Thursday, 20 October 2011

The New Empire State Express, U.S.A.

The Empire State Express was one of the  passenger trains and onetime flagship of the  New York Central and Hudson River Railroad. On December 7, 1941, the New York Central inaugurated a new, all-stainless-steel streamlined (Budd) train, powered by a streamlined J-3a Hudson steam locomotive. Passengers on the inaugural run, who had expected significant crowds to greet them en route, were very surprised at the low turnout at track side, before they learned later that same day that Pearl Harbour had just been bombed by the Japanese.

Sunday, 9 October 2011

Brocken Railway, Harz Region, Germany.

The Brocken Railway is a meter gauge  railway network in the Harz mountain range of  Germany. It runs from the station of Drei Annen Hohne at 542 meters,  via Schierke and the Bode River valley to the summit of the  Brocken, the highest mountain of the Harz at 1,141 m (3,743 ft) and part of the Harz National Park.  Up to six pairs of trains run daily to the top of the Brocken during the winter. Of those, four start and end in Wernigerode. During the summer, services are increased to eleven pairs of trains daily. The fastest train takes 49 minutes to reach the summit. The Brocken Railway is the only HSB line whose regular services are exclusively hauled by  steam locomotives. The steam trains on the Brocken Railway have become popular with thousands of tourists every year, offering convenient access to the top of the Brocken.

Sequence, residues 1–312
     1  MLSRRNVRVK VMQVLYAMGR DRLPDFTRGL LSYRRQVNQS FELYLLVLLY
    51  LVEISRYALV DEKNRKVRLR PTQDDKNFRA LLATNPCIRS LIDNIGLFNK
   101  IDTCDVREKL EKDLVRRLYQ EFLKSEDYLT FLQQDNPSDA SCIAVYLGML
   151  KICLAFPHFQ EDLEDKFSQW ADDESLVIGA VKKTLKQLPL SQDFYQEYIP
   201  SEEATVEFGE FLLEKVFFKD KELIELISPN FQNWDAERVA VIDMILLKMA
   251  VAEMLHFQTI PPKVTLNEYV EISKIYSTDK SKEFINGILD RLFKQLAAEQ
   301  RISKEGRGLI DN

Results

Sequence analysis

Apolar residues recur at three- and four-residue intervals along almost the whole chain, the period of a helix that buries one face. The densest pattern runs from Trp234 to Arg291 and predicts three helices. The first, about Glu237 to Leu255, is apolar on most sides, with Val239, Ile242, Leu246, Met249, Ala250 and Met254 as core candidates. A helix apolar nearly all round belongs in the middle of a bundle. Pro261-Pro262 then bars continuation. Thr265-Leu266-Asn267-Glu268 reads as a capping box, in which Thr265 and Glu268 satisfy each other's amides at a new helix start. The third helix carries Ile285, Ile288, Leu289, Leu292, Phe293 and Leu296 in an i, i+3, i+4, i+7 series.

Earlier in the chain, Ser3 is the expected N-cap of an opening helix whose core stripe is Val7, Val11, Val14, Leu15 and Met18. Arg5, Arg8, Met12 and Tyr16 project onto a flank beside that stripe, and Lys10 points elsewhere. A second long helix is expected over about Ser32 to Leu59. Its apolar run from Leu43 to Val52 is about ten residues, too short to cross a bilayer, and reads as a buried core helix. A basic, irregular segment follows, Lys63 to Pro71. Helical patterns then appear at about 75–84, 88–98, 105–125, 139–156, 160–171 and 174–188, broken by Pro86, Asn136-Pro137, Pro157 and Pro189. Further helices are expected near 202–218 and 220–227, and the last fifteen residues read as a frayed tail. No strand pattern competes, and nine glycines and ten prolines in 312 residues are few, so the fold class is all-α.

Monday, 3 October 2011

Locomotives on the Hindenburgdamm Causeway, Germany.

Sylt is connected to the German mainland by the  Hindenburgdamm causeway with a railway line on top. The passenger trains connect Westerland to Niebull or Klanxbull. Hindenburgdamm is an 11 km-long  causeway opened for rail traffic in 1927. Every day, more than 100 trains pass over the causeway, 50 of those ferrying cars (there is no road link to Sylt). Each year, the railway ferries more than 450,000 vehicles over the causeway.